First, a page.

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Background: Prenatal smoke exposure is known to be robustly associated with DNA methylation among offspring in early life, but whether the association persists into adult- hood is unclear. This study aimed to investigate the long-term effect of maternal smoke exposure on DNA methylation in 754 women (mean age 30 years); to replicate ﬁndings in the same women 18 years later and in a cohort of 230 men (mean age 53 years); and to assess the extent to which a methylation score could predict prenatal smoke exposure. Methods: We ﬁrst carried out an epigenome-wide association analysis for prenatal smoke exposure and performed replication analyses for the top CpG sites in the other samples. We derived a DNA methylation score based on previously identiﬁed CpG sites and generated receiver operating characteristic (ROC) curves to assess the performance of these scores as predictors of prenatal smoke exposure. Results: We observed associations at 15 CpG sites in 11 gene regions: MYO1G, FRMD4A, CYP1A1, CNTNAP2, ARL4C, AHRR, TIFAB, MDM4, AX748264, DRD1, FTO (false discovery rate<5%). Most of these associations were speciﬁc to exposure during pregnancy, were present 18 years later and were replicated in a cohort of men. A DNA methylation score could predict prenatal smoke exposure (30 years previously) with an area under the curve of 0.72 (95% conﬁdence interval 0.69, 0.76). Conclusions: The results of this study provide robust evidence that maternal smoking in pregnancy is associated with changes in DNA methylation that persist in the exposed off- spring for many years after prenatal exposure. Key words: prenatal smoking, ALSPAC, DNA methylation, epigenetics, long-term, prediction, epigenome-wide association study, longitudinal V The Author(s) 2018. Published by Oxford University Press on behalf of the International Epidemiological Association. 1120 This is an Open Access article distributed under the terms of the Creative Commons Attribution License (http://creativecommons.org/licenses/by/4.0/), which permits unrestricted reuse, distribution, and reproduction in any medium, provided the original work is properly cited. Downloaded from https://academic.oup.com/ije/article/47/4/1120/5026413 by DeepDyve user on 14 July 2022 International Journal of Epidemiology, 2018, Vol. 47, No. 4 1121 Key Messages We investigated the long-term impact of maternal smoking in pregnancy on epigenetic changes in the offspring by assessing differences in DNA methylation levels in adulthood. We observed associations at 15 CpG sites in 11 gene regions; most of these associations were speciﬁc to exposure during pregnancy, were found to persist until at least 48 years and were present in both men and women. A prenatal smoking score, derived by combining methylation values, could adequately predict whether the mothers of the adults smoked during pregnancy. The results of this study provide robust evidence that maternal smoking in pregnancy is associated with changes in DNA methylation that persist in the exposed offspring for many years after their prenatal exposure. These ﬁndings could have useful applications in epidemiological studies, e.g. by using DNA methylation signatures as a biosocial archive for exposure when data on maternal smoking during pregnancy are absent. Introduction prenatal tobacco smoke exposure on genome-wide methyl- ation is warranted. Cigarette smoke exposure during pregnancy is an environ- In this study, we aimed to assess the long-term impact mental stressor that has a profound effect on DNA methyl- 1 of prenatal tobacco smoke on DNA methylation in the ation in the exposed offspring. Previous work has context of the Avon Longitudinal Study of Parents and determined genome-wide changes in DNA methylation in 18,19 2 Children (ALSPAC) —a prospective birth cohort with response to smoke exposure in utero, with a recent data on reported maternal smoke exposure in pregnancy epigenome-wide association study (EWAS) meta-analysis and genome-wide DNA methylation levels of offspring in of methylation in newborn cord blood identifying over adulthood. We first conducted an analysis to investigate 6000 differentially methylated CpG sites (of which 568 3 associations between reported prenatal smoke exposure CpG sites surpassed the strict Bonferroni threshold). and DNA methylation in peripheral blood among women It is of interest to investigate the persistence of methyla- in ALSPAC (mean age 30 years). We next attempted to rep- tion marks into later life, as this presents the opportunity licate prenatal smoking-associated DNA methylation dif- to use methylation as an archive of historical exposure, ferences in peripheral blood of the women 18 years later particularly if methylation patterns can be robustly mod- 4–6 (mean age 48 years) and in men from the same study (the elled over time. In addition, persistent changes in DNA partners of these women) (mean age 52 years). Finally, we methylation might mediate at least some of the associa- aimed to assess the extent to which a prenatal smoking tions between smoke exposure in pregnancy and later-life 7 score, based on methylation at CpG sites previously shown health outcomes. to be associated with prenatal smoke exposure, could pre- Several studies have identified prenatal smoke exposure dict whether the mothers of the ALSPAC women smoked associated changes in methylation in childhood and adoles- 8 8–10 during pregnancy. cence in global methylation, candidate gene and 3,4,6,11–13 EWAS. However, few studies have investigated 14–17 the persistence of methylation change into adulthood. Methods Three such studies have been conducted in the New York Cohort and selection of participants City birth cohort, where prospectively assessed maternal smoking during pregnancy was found to be positively asso- ALSPAC is a large, prospective cohort study based in the ciated with global methylation in leukocytes of individuals south-west of England. A total of 14 541 pregnant women at age 43 years assessed using a methyl acceptance assay, resident in Avon, UK, with expected dates of delivery 1 inversely associated with levels of Sat2 methylation and April 1991 to 31 December 1992 were recruited and de- most recently associated with methylation at 17 CpG sites tailed information has been collected on these women and 17 18,19 on the Illumina Infinium HumanMethylation450 array, their offspring at regular intervals. The study website which remained even after adjustment for adult smoking contains details of all the data that are available through a status of the offspring. However, previous studies were fully searchable data dictionary (http://www.bris.ac.uk/ limited by low power due to small sample sizes and a more alspac/researchers/data-access/data-dictionary/). Written comprehensive assessment of the long-term impact of informed consent has been obtained for all ALSPAC Downloaded from https://academic.oup.com/ije/article/47/4/1120/5026413 by DeepDyve user on 14 July 2022 1122 International Journal of Epidemiology, 2018, Vol. 47, No. 4 participants. Ethical approval for the study was obtained surrogate variables and cell count fractions were included from the ALSPAC Ethics and Law Committee and the as additional covariates to adjust for technical batch and Local Research Ethics Committees. cell-type mixture (see Supplementary Material, available as We examined offspring DNA methylation in relation to Supplementary data at IJE online, for further details), al- reported maternal smoking during pregnancy in ALSPAC though we did not find strong evidence for associations be- using methylation data from the Illumina Infinium tween prenatal smoke exposure and derived cell types HumanMethylation450 (HM450) BeadChip assay (Supplementary Table 1, available as Supplementary data (Illumina, San Diego, CA, USA). We used data from at IJE online). women enrolled ALSPAC (n¼ 754) in the main analysis In order to evaluate the potential influence of own and looked to replicate findings in the same women ap- smoking, which might explain the persistence in methyla- proximately 18 years later (n¼ 656) and in men enrolled in tion signatures associated with intrauterine exposure, in- ALSPAC (n¼ 230). formation on the ALSPAC women’s own smoking status was obtained from a questionnaire administered at 18 weeks’ gestation. Women were asked whether they had Prenatal exposure variables smoked regularly pre-pregnancy, from which a dichoto- After recruitment of pregnant women into the ALSPAC mous variable for any tobacco smoking before pregnancy study, information was collected on both the women and was derived. To assess the impact of passive smoke expo- their partners, including details of their mothers’ smoking sure, women were also asked whether their partners behaviour. If the men and women reported that their smoked at the same time point and whether their fathers mothers had smoked, they were asked whether their moth- (as well as their mothers) had smoked previously. ers had smoked when they were pregnant with them and For the replication analysis, information on the wom- were given the responses yes/no/don’t know from which to en’s smoking status was also gathered in a questionnaire select. These data were analysed assuming that, for all administered approximately 18 years later. Furthermore, those who said don’t know, their mothers did smoke dur- information on the partner’s smoking status was obtained ing pregnancy, as has been done previously. We carried from a questionnaire administered to the partners approxi- out further sensitivity analysis excluding those individuals mately 21 years after the pregnancy. At these later time who were unsure of their mothers’ smoking status during points, the men and women were asked whether they cur- pregnancy and compared findings. rently smoked or whether they had smoked every day when a smoker in the past. From these data, a dichoto- mous variable for any previous tobacco smoking was DNA methylation assessment derived. We examined offspring DNA methylation in peripheral blood in ALSPAC men and women. As part of the Statistical analysis Accessible Resource for Integrated Epigenomics Studies 21 22 (ARIES) project, the HM450 BeadChip has been used We first performed an epigenome-wide association analysis to generate epigenetic data on 1018 mother–offspring pairs in our largest sample: the ALSPAC women with methyla- in the ALSPAC cohort. A web portal has been constructed tion measured in peripheral blood taken at the time of en- to allow openly accessible browsing of aggregate ARIES rolment in the study (n¼ 754). CpG level methylation DNA methylation data (ARIES-Explorer) (http://www.arie [untransformed b-values, which is the ratio of the methyl- sepigenomics.org.uk/). Additional HM450 data have been ated probe intensity and the overall intensity and ranges generated on ALSPAC men (the partners of the women en- from 0 (no cytosine methylation) to 1 (complete cytosine rolled in ARIES) (n¼ 312). Details of sample handling and methylation)] was regressed against prenatal smoke expo- DNA methylation profiling are outlined in the sure (any maternal smoking during pregnancy) with adjust- Supplementary Material, available as Supplementary data ment for covariates (maternal age, parental social class, at IJE online. offspring age, top 10 SVs in the main model). We then assessed whether associations were robust to adjustment for own smoking status (including own smoking status as a Covariates further covariate and also running the EWAS stratified by Maternal age at birth and head of household social class own smoking status) and passive smoke exposure were included as covariates in these analyses, as they were (reported partner smoking). found to be most strongly associated with smoking status To evaluate the specificity of the intrauterine effect and during pregnancy in a previous study. In addition, 10 potential bias in our findings due to the role of passive Downloaded from https://academic.oup.com/ije/article/47/4/1120/5026413 by DeepDyve user on 14 July 2022 International Journal of Epidemiology, 2018, Vol. 47, No. 4 1123 smoke exposure out of pregnancy or residual confounding, associated with both prenatal smoking and own smoking 23–25 we conducted two negative control tests : (i) perform- (Supplementary Figure 1, available as Supplementary data ing a comparison of the associations between parental at IJE online), we also assessed the performance of the pre- smoking (any paternal smoking and any maternal smok- natal smoking score adjusted for the own smoking score. ing) and methylation levels at the top CpG sites and (ii) We compared the AUC of pairs of ROC curves using the comparing associations between maternal smoking outside Delong test for difference computed by the roc.test func- of pregnancy and methylation levels with maternal smok- tion as part of the pROC package. ing during pregnancy and methylation levels at the same We also investigated the extent to which the prenatal sites. smoking scores could predict maternal smoking in preg- We next performed replication analyses for the top nancy independently of own smoking status. This was CpG sites [false discovery rate (FDR)< 0.05] in the other done by comparing methylation scores between four differ- samples, by conducting EWAS of maternal smoking in the ent groups of participants, determined based on their own ALSPAC women 18 years later and ALSPAC men, adjusted smoking status and that of their mothers during pregnancy: for the same covariates as in the main model for the non-smokers whose mothers never smoked in pregnancy, ALSPAC women at enrolment, and performing a look-up smokers whose mothers never smoked in pregnancy, non- of the CpGs identified in the main analysis. We also smokers whose mothers smoked in pregnancy and smokers assessed the association between prenatal smoke exposure whose mothers smoked in pregnancy. Pairwise compari- and methylation at the identified sites in cord blood in the sons between the groups were performed using two-tailed 3,4 ALSPAC cohort that has been investigated previously t-tests and a p-value for difference in methylation scores (Supplementary Table 2, available as Supplementary data obtained. In addition, a p-value for trend was obtained at IJE online). We next performed Pearson’s correlation from the linear regression of the methylation score on analysis in order to compare consistency in effect estimates smoking status, where the four groups were included in an between the main analysis and the replication analysis. ordered categorical variable. We also investigated the association between prenatal Analysis was performed using Stata (version 14) and R exposure to smoking and DNA methylation for the 568 (version 3.3.1). CpG sites previously found to be robustly associated with prenatal smoke in a cord blood meta-analysis at 3 Results Bonferroni significance (n¼ 6685), in each of the adult cohorts. We assessed the degree of inflation of association The cohort-specific summary statistics for this analysis are signal (lambda value) for these CpG sites compared with presented in Table 1. The ALSPAC women in our main that seen genome-wide across the samples and performed a analysis had a mean age of 30 years, whereas their mean Wilcoxon rank sum test to assess enrichment. age at follow-up was 48 years and the ALSPAC men had a Furthermore, we generated a DNA methylation score mean age of 53 years. Maternal ages at birth were similar for prenatal smoking based on these independently identi- between the ALSPAC men and women, as were parental fied 568 CpG sites and compared its ability to predict social class and rates of prenatal smoke exposure. Rates of whether the mothers of the ALSPAC adults had smoked own smoking varied quite substantially, from 16.9% in the during pregnancy with a score based on 19 CpG sites that ALSPAC women at the first time point to 33.8% in the reached Bonferroni significance in an EWAS of prenatal ALSPAC men. There was limited evidence for an associa- smoking conducted in peripheral blood of older children tion between prenatal smoke exposure and own smoking (n¼ 3187) and a score for own smoking, consisting of in the three study groups (Supplementary Table 3, avail- 2623 CpG sites that reached Bonferroni significance in the able as Supplementary data at IJE online). largest EWAS of own smoking to date (n¼ 9389 current vs We observed associations between 15 CpG sites and never smokers). Details of these studies and how the prenatal smoking exposure in women at age 30 at scores were generated are outlined in Supplementary Table FDR< 5% and 9 CpG sites that surpassed Bonferroni cor- 2, available as Supplementary data at IJE online, and the rection (Table 2). These sites were located in 11 gene Supplementary Material, available as Supplementary data regions and all but 2 have been previously identified in at IJE online. EWAS for maternal smoking at birth and into later 3,4,6,10–12,17 We generated receiver operating characteristic (ROC) life and all agree on direction of effect curves for the prenatal and own smoking methylation (Supplementary Table 4, available as Supplementary data scores and calculated the area under the curve (AUC) in or- at IJE online). der to assess the performance of these predictors using the Associations at CpG sites located near ARL4C pROC package in R. Given the overlap of CpG sites (cg05204104 and cg15016771), MDM4 (cg08241939) Downloaded from https://academic.oup.com/ije/article/47/4/1120/5026413 by DeepDyve user on 14 July 2022 1124 International Journal of Epidemiology, 2018, Vol. 47, No. 4 Table 1. Descriptive characteristics of participant groups in this study ALSPAC adult females ALSPAC adult females ALSPAC (Time Point 1) (Time Point 2) adult males N 754 656 230 Maternal age at birth (years) (SD) 27.6 (5.7) 27.8 (5.7) 28.2 (5.7) Social class (manual) (N, %) 347 (46.0) 301 (45.9) 92 (40.0) Prenatal smoke exposure (yes) (N, %) 216 (28.7) 179 (27.3) 73 (31.7) Age at follow-up (years) (SD) 30.3 (4.3) 48.1 (4.2) 53.4 (5.1) Sample type(s) Whole blood/white cells White cells/PBLs White cells/PBLs Own smoking (N,%) 127 (16.9) 144 (28.9) 75 (33.8) The sample size of individuals who reported own smoking was slightly smaller with N¼ 752, N¼ 498 and N¼ 222 for ALSPAC adult females (Time Point 1), ALSPAC adult females (Time Point 2) and ALSPAC adult males (Time Point 3), respectively. Table 2. DNA methylation changes associated with prenatal smoke exposure in ALSPAC women (Time Point 1) a b CpG site Chromosome Gene Position Basic model (N¼ 754 ) Adjusted model (N¼ 752) region Effect Standard P-value FDR Effect Standard P-value FDR size error size error cg22132788 7 MYO1G 45002486 0.062 0.008 1.70E-13 8.26E-08 0.058 0.008 9.77E-13 4.75E-07 cg12803068 7 MYO1G 45002919 0.111 0.015 9.82E-13 2.38E-07 0.097 0.014 1.71E-11 4.16E-06 cg11813497 10 FRMD4A 14372879 0.038 0.006 1.25E-10 2.02E-05 0.036 0.006 4.85E-10 7.85E-05 cg04180046 7 MYO1G 45002736 0.041 0.006 2.53E-10 3.07E-05 0.037 0.006 3.43E-09 3.33E-04 cg05549655 15 CYP1A1 75019143 0.007 0.001 1.21E-08 0.001 0.007 0.001 8.82E-10 1.07E-04 cg25949550 7 CNTNAP2 145814306 –0.005 0.001 1.48E-08 0.001 –0.004 0.001 2.41E-07 0.015 cg19089201 7 MYO1G 45002287 0.038 0.007 1.75E-08 0.001 0.034 0.007 1.88E-07 0.013 cg05204104 2 ARL4C 235403141 0.023 0.004 2.30E-08 0.001 0.023 0.004 4.12E-08 0.003 cg17924476 5 AHRR 323794 0.045 0.008 6.24E-08 0.003 0.040 0.008 5.33E-07 0.029 cg11429111 5 TIFAB 134813329 0.022 0.004 2.62E-07 0.013 0.019 0.004 2.90E-06 0.108 cg08241939 1 MDM4 204700816 0.022 0.004 5.04E-07 0.022 0.019 0.004 3.40E-06 0.110 cg11641006 2 AX748264 235213874 0.040 0.008 5.62E-07 0.023 0.029 0.006 1.27E-06 0.051 cg15016771 2 ARL4C 235403218 0.008 0.002 1.01E-06 0.036 0.007 0.002 3.35E-06 0.110 cg22807681 5 DRD1 174622933 0.023 0.005 1.04E-06 0.036 0.023 0.005 1.02E-06 0.045 cg26681628 16 FTO 54210550 0.037 0.008 1.27E-06 0.041 0.029 0.006 8.94E-06 0.193 Effect size¼ difference in methylation level (beta) between adult offspring of smokers and non-smokers in pregnancy. Entries in bold represent sites that surpassed the Bonferroni threshold. N¼ 216 smoked during pregnancy, N¼ 538 no smoking during pregnancy. Model includes adjustment for own smoking. and DRD1 (cg22807681) appear to be novel, although the four sites at MYO1G (cg22132788, cg12803068, sites at ARL4C were present in the extended list of FDR cg04180046 and cg19089201) did survive multiple testing significant sites in the previous cord blood EWAS. In con- adjustment, with the MYO1G site cg22132788 having the –13 trast to findings in cord blood, where smoking during preg- strongest association (P¼ 1.7 10 ), which is consistent 4,6,12 nancy has been associated approximately equally with with findings in children and adolescents. hyper and hypomethylation, the majority (14 out of 15 Results were robust to the additional inclusion of de- CpGs) showed long-term hypermethylation in this rived cell counts as covariates, with 14 of the 15 CpG sites analysis. surpassing the FDR< 5% threshold and the other CpG –6 Whereas, in most EWAS for cord blood methylation, site at DRD1 (cg22807681) with p¼ 5.22 10 AHRR (cg05575921) is the CpG site most consistently as- (Supplementary Table 5, available as Supplementary data 3,4,28,29 sociated with prenatal smoke exposure, this site did at IJE online). In sensitivity analysis where those partici- not survive adjustment for multiple tests in our persistence pants who were unsure of their mothers’ smoking status analysis (p¼ 0.0005, FDR> 5%). Rather, associations at during pregnancy were removed (n¼ 651 remained in the Downloaded from https://academic.oup.com/ije/article/47/4/1120/5026413 by DeepDyve user on 14 July 2022 International Journal of Epidemiology, 2018, Vol. 47, No. 4 1125 analysis, n¼ 103 were excluded), 12 CpG sites were found MDM4 or DRD1 in the largest EWAS of own smoking to to be associated with prenatal smoke exposure at date. Findings were similar when analyses were stratified FDR< 5% in this smaller dataset (Supplementary Table 6, by own smoking status, i.e. with consistent effect estimates available as Supplementary data at IJE online). Nine of even among those women who had not previously smoked these CpG sites were overlapping with those in the main regularly themselves (Supplementary Table 7, available as analysis, with the remaining three CpG sites located in sim- Supplementary data at IJE online), although there was ilar gene regions [AHRR (cg05575921), TIFAB some evidence for a difference in effect sizes between (cg01952185) and FRMD4A (cg25464840)]. smokers and non-smokers at ARL4C (cg05204104), where One concern related to the identification of these signals the effect was larger among smokers than among non- is that they might reflect non-specific smoke exposure of smokers (p for interaction¼ 0.001). Furthermore, results the offspring over the life course rather than a ‘critical pe- were consistent when reported partner smoking was in- riod’ effect of smoke exposure in utero. In particular, 11 cluded as a covariate as an indicator of passive smoke ex- out of the 15 CpGs have been identified in relation to cur- posure (Supplementary Table 8, available as rent vs never smoking status at FDR< 0.05 in a recent Supplementary data at IJE online). EWAS of own smoking (Supplementary Table 4, avail- For the negative control tests, the parental comparison able as Supplementary data at IJE online). To account for showed consistently larger effect estimates for maternal this, we first examined whether past cigarette smoking by smoking than for paternal smoking, although confidence the adult themselves influenced these associations by in- intervals overlapped for some of the sites [FRMD4A cluding own smoking as a covariate in the model. (cg25464840), CYP1A1 (cg05549655), ARL4C Adjustment for own smoking attenuated associations at (cg05204104), AHRR (cg17924476) and MYO1G five CpG sites [TIFAB (cg11429111), MDM4 (cg04180046)] (Supplementary Figure 2, available as (cg08241939), AX748264 (cg11641006), ARL4C Supplementary data at IJE online). For the comparison of (cg15016771) and FTO (cg26681628)] that no longer associations between the offspring of women who smoked reached the FDR cut-off for significance (Table 2 and during pregnancy and the offspring of women who smoked Figure 1), although, on the whole, the magnitude of effect outside of pregnancy, effect estimates were consistently was only slightly reduced with this adjustment. larger for those reporting maternal smoking during preg- Furthermore, whereas methylation of CpG sites at nancy, this time without overlapping confidence intervals MYO1G, CNTNAP2 and AHRR have been consistently (Supplementary Figure 3, available as Supplementary data identified in relation to own smoking, no such associations at IJE online). Whereas, for MYO1G (cg12803066) and have been found with CpG sites at FDRM4A, CYP1A1, MYO1G (cg22132766), there was some evidence of asso- ciation between maternal smoking outside of pregnancy with methylation levels, suggestive of either residual con- founding in the intrauterine associations or a postnatal smoking effect, these findings may also be explained by misreporting of maternal smoking during pregnancy that was based on retrospective reports by the offspring in adulthood. This latter explanation is more likely given that the paternal smoking estimates at these sites were consis- tent with the null (Supplementary Figure 2, available as Supplementary data at IJE online). Effects at the top CpGs surpassing FDR correction in the ALSPAC women were found to be consistent in direc- tion although slightly attenuated in the follow-up analysis approximately 18 years later (Pearson’s correlation coeffi- cient, r¼ 0.92) (Figure 2 and Supplementary Figure 4, available as Supplementary data at IJE online). Furthermore, there was remarkable consistency in the di- rection and magnitude of effects at these CpGs in blood samples of the ALSPAC men (r¼ 0.77), with the exception Figure 1. Manhattan plot for EWAS of prenatal smoke exposure in of DRD1, where effects were not as consistently replicated. ALSPAC women (Time Point 1)*. *N¼ 752, adjusted for own smoking. We also compared for reference the effect of any maternal Solid horizontal line represents Bonferroni threshold; dotted horizontal line represents FDR correction (p< 0.05) threshold. smoking on cord blood methylation in the ALSPAC birth Downloaded from https://academic.oup.com/ije/article/47/4/1120/5026413 by DeepDyve user on 14 July 2022 1126 International Journal of Epidemiology, 2018, Vol. 47, No. 4 Figure 2. Replication of CpG sites observed below FDR (p< 0.05) threshold in ALSPAC women at a later time point (Time Point 2) and in ALSPAC men,* and comparison with effect of prenatal smoking on cord blood methylation in ALSPAC children. *Adjusted for own smoking in adult samples. N¼ 860 ALSPAC cord blood (reference), N¼ 752 ALSPAC women (Time Point 1), N¼ 498 ALSPAC women (Time Point 2), N¼ 222 ALSPAC men. Figure 3. Receiver operating characteristic (ROC) curves of prenatal and own smoking methylation scores for discriminating maternal smoking in pregnancy. Total N¼ 922; NB: sample size in the main analysis is smaller due to inclusion of additional covariates into those models that were miss- ing for some of the participants. Prenatal smoking methylation score (older children)¼ score derived from 19 CpG sites associated with maternal smoking in older children in an independent study. Prenatal smoking methylation score (newborns)¼ score derived from 568 CpG sites associated with maternal smoking in newborns in an independent study. Own smoking methylation score¼ score derived from 2623 CpG sites associated with smoking status in adults in an independent study. Scores were applied to methylation data from ALSPAC adult females at Time Point 1. Downloaded from https://academic.oup.com/ije/article/47/4/1120/5026413 by DeepDyve user on 14 July 2022 International Journal of Epidemiology, 2018, Vol. 47, No. 4 1127 cohort at these CpGs and, again, both magnitude and di- To determine the extent to which methylation associa- rection of effect were similar (r¼ 0.92) with the exception tions with prenatal smoking were different from own of sites at ARL4C (cg05204104), AHRR (cg17924476) smoking associations, we constructed a similar score de- and DRD4 (cg22807681). At these sites, the difference in rived from 2623 CpG sites previously associated with own methylation was greater in the ALSPAC women than in smoking in adulthood. Whereas being strongly predictive the newborns (Figure 2 and Supplementary Figure 4, avail- of own smoking status in the ALSPAC women (AUC 0.88, able as Supplementary data at IJE online). 95% CI 0.85, 0.91), this score was only weakly associated In addition, we found that, among women with a mean with prenatal smoking compared with the 19-CpG prena- age of 30 years (N¼ 754), there was a strong signal of as- tal smoking score (AUC 0.57, 95% CI 0.53, 0.61; P for dif- –11 sociation above that expected by chance at CpG sites previ- ference¼ 3.0 10 )(Figure 3). In addition, the 19-CpG ously associated with prenatal smoke exposure in prenatal smoking methylation score was able to predict newborns [lambda¼ 2.62 vs 1.14 for all CpG sites on the with the same accuracy prenatal smoke exposure when ad- Illumina Infinium HumanMethylation450 (HM450) justed for the offspring smoking methylation score (AUC –16 BeadChip; Wilcoxon rank sum test p-value< 2.2 10 ] 0.71, 95% CI 0.68, 0.75; P for difference¼ 0.06) (Supplementary Figure 5, available as Supplementary data (Figure 3). at IJE online). Similarly, inflation of signals for prenatal The prenatal smoking methylation scores were higher in smoke exposure was seen in these women 18 years later individuals (both smokers and non-smokers) exposed to –15 (lambda¼ 1.54, p-value¼ 5.6 10 ) and in the ALSPAC prenatal smoking compared with non-smokers who were –4 men (lambda¼ 1.19, p-value¼ 2.2 10 ), compared with not exposed prenatally (i.e. the ‘OS.MS’ and ‘ONS.MS’ all CpG sites on the HM450 BeadChip (Supplementary group vs the ‘ONS.MNS’ baseline group; p-value for –16 Figure 5, available as Supplementary data at IJE online). trend< 2.0 10 )(Figure 4). The prenatal smoking A prenatal smoking methylation score, derived by com- methylation score derived from 568 CpG sites identified in bining methylation values at 568 CpG sites associated with newborns was not able to distinguish between non- prenatal smoke exposure in cord blood of newborns in a smokers whose mothers smoked in pregnancy compared previous study, could predict whether the mothers of the with smokers whose mothers did not smoke during preg- ALSPAC women smoked during pregnancy with an AUC nancy (difference in score between the ‘ONS.MS’ group 0.69 [95% confidence interval (CI) 0.67, 0.73]. This was and the ‘OS.MNS’ group¼ –0.07, p¼ 0.61) (Figure 4a). comparable with a score derived from 19 CpG sites previ- However, the score derived from 19 CpG sites which were ously associated with prenatal smoking in peripheral blood shown to persist in relation to prenatal smoke exposure 3 3 of older children, which had an AUC 0.72 (95% CI 0.69, based on an EWAS in older children was higher in non- 0.76; P for difference¼ 0.97) (Figure 3). smokers whose mothers smoked in pregnancy compared Figure 4. Box plots to assess differences in prenatal smoking methylation scores. Prenatal smoking methylation score (newborns)¼ score derived from 568 CpG sites associated with maternal smoking in newborns in an independent study. Prenatal smoking methylation score (older children)¼ score derived from 19 CpG sites associated with maternal smoking in older children in an independent study. ONS, MNS¼ offspring non-smoker, mother never smoked in pregnancy (N¼ 522); OS, MNS¼ offspring smoker, mother never smoked in pregnancy (N¼ 112); ONS, MS¼ offspring non-smoker, mother smoked in pregnancy (N¼ 222); OS, MS¼ offspring smoker, mother smoked in pregnancy (N¼ 66). NB: sample size in the main analysis is smaller due to inclusion of additional covariates into those models that were missing for some of the participants. Downloaded from https://academic.oup.com/ije/article/47/4/1120/5026413 by DeepDyve user on 14 July 2022 1128 International Journal of Epidemiology, 2018, Vol. 47, No. 4 with smokers whose mothers did not smoke in pregnancy Strengths of our study include the large sample size of (difference in score between the ‘ONS.MS’ group and the women with reported maternal smoking in pregnancy for ‘OS.MNS’ group¼ 0.01, p¼ 0.001) (Figure 4b). performing our initial EWAS analysis, the ability to adjust for own smoking status, the longitudinal assessment of dif- ferential methylation in a follow-up sample of these Discussion women and the replication analysis in men from the same In a large longitudinal cohort with genome-wide methyla- study. tion data, we identified 15 CpG sites that were differen- Although there was evidence of persistence for methyla- tially methylated in the peripheral blood of women over tion differences even after adjusting for own smoking sta- 30 years after exposure to prenatal smoking. Most of these tus in the adult offspring, there are limitations to signals remained in sensitivity analyses adjusted for own performing this type of adjustment analysis. As smoking and passive smoke exposure, and showed stron- parental smoking is strongly associated with their off- ger associations in relation to maternal smoke exposure in spring’s smoking initiation, own smoking serves as a pos- pregnancy compared with smoke exposure outside of preg- sible mediator on the path between prenatal smoking and nancy (by both mothers and fathers) indicating specificity offspring DNA methylation. This method of adjusting for of the intrauterine effect. Furthermore, we observed a per- a potential mediator in standard regression models to esti- sistent methylation signal related to prenatal smoke expo- mate the direct effect of an exposure may produce spurious 34,35 sure in peripheral blood 18 years later (i.e. at around the conclusions. Whereas an alternative method of using age of 48 years) and replicated in peripheral blood among life-course models previously provided more evidence for men in the ALSPAC cohort. the hypothesis that maternal smoking in pregnancy is the Many of these CpG sites have been previously identified ‘critical period’ for influencing persistent offspring methyl- in relation to prenatal smoke exposure in the offspring at ation profiles, this method could not be applied here given birth and the majority showed long-term hypermethyla- the limited amount of information on maternal smoking tion among the offspring of smokers. Findings are also reported by the ALSPAC men and women. consistent with a recent report that highlighted persistence A further limitation relates to cell-type heterogeneity, of DNA methylation levels related to prenatal smoke expo- given that the ALSPAC samples were obtained from a vari- sure into adulthood, which identified associations the ety of sources [white cells, whole blood and peripheral same CpG sites located in MYO1G and CYP1A1, and blood lymphocytes (PBLs)]. To account for this, we incor- other CpG sites in FTO and AHRR. porated surrogate variables into our models to account to For all of the study samples, there was also a strong sig- adjust for technical batch and cell-type mixture in order to nal of association above that expected by chance at 568 harmonize cellular variability of the samples and carried CpG sites previously associated with prenatal smoke expo- out sensitivity analysis that also adjusted for derived cell 3 37,38 sure in newborns from an independent study. In addition, counts. we found that a prenatal smoking score, derived by com- In addition, information on prenatal smoke exposure in bining methylation values at these CpG sites, could ade- the ALSPAC men and women was recorded retrospectively quately predict whether the mothers of the adults in by the adult offspring, rather than by prospective assess- ALSPAC smoked during pregnancy with an AUC 0.69 ment, and so may be subject to more misreporting. (95% CI 0.67, 0.73). A recent study identified a much Furthermore, in the ALSPAC men and women, rates of stronger predictive ability of a prenatal smoking methyla- maternal smoking in pregnancy were reported to be high tion score with AUC of 0.90 in a test set of cord blood in comparison with contemporary populations. This draws obtained from newborns in the MoBa cohort. The differ- to question the relevance of identified associations. ence in predictive ability is therefore likely attributed to the However, we have shown that many of the signals identi- 30-year difference in time since exposure and the genera- fied in adults were also present in cord blood of offspring tion of this methylation score using CpG sites identified in measured prospectively in a more contemporary cohort cord blood rather than adult peripheral blood. We also de- with lower rates of maternal smoking in pregnancy. rived a methylation score based on CpGs that showed evi- Overall, the results of this study provide robust evidence dence of a persistent difference in methylation in that maternal smoking in pregnancy is associated with peripheral blood of older offspring exposed to prenatal changes in DNA methylation that persist in the exposed smoking who had a marginally higher AUC of 0.72 (95% offspring for many years after their prenatal exposure. CI 0.67, 0.73) and was also able to distinguish non- Furthermore, these associations largely remain after adjust- smokers whose mothers smoked in pregnancy from smok- ing for the previous smoking history of the adults them- ers whose mothers did not smoke during pregnancy. selves and are in accordance with earlier studies Downloaded from https://academic.oup.com/ije/article/47/4/1120/5026413 by DeepDyve user on 14 July 2022 International Journal of Epidemiology, 2018, Vol. 47, No. 4 1129 2. 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International Journal of Epidemiology – Oxford University Press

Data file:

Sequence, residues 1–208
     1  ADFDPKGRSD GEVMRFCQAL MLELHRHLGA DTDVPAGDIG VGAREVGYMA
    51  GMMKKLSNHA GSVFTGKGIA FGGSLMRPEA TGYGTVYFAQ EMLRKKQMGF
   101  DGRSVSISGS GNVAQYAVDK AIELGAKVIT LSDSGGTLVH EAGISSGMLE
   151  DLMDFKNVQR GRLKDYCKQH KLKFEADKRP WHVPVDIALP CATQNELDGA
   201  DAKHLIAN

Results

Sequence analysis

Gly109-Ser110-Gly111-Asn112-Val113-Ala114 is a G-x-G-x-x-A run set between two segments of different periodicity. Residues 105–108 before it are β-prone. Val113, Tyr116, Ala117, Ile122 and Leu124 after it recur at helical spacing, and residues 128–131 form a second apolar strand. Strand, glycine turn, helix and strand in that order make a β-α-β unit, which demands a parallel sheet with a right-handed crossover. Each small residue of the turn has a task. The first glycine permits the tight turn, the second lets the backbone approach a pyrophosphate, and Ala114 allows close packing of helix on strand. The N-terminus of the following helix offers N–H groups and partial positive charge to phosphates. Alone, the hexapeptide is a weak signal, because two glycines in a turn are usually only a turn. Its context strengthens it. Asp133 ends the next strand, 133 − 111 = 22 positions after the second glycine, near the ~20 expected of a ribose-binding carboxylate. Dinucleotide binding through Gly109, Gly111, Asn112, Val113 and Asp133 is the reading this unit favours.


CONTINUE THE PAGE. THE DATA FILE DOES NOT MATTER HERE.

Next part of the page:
Published: Aug 1, 2018
Keywords: pregnancy; smoking; adult; dna methylation; methylation; smoke; prenatal care; alspac study; smoking in pregnancy; offspring; epigenome; prenatal exposure; mothers